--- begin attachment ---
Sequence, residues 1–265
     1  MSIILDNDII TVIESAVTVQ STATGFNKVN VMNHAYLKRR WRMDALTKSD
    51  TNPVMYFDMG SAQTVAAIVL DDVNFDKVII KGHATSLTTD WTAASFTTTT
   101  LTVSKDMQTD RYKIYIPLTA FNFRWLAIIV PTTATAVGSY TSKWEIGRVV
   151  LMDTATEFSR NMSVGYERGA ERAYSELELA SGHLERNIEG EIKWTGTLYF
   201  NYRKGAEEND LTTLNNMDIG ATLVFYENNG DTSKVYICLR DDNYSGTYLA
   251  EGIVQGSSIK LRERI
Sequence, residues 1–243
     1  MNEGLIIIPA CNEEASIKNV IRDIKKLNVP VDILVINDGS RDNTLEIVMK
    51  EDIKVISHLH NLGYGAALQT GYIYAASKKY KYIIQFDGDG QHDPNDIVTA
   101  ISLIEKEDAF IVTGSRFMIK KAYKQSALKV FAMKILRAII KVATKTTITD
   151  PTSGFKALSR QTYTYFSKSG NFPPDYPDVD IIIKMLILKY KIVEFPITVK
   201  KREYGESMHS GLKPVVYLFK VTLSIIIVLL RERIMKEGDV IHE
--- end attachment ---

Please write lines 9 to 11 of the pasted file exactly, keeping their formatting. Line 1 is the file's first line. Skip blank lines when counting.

     1  MNEGLIIIPA CNEEASIKNV IRDIKKLNVP VDILVINDGS RDNTLEIVMK
    51  EDIKVISHLH NLGYGAALQT GYIYAASKKY KYIIQFDGDG QHDPNDIVTA
   101  ISLIEKEDAF IVTGSRFMIK KAYKQSALKV FAMKILRAII KVATKTTITD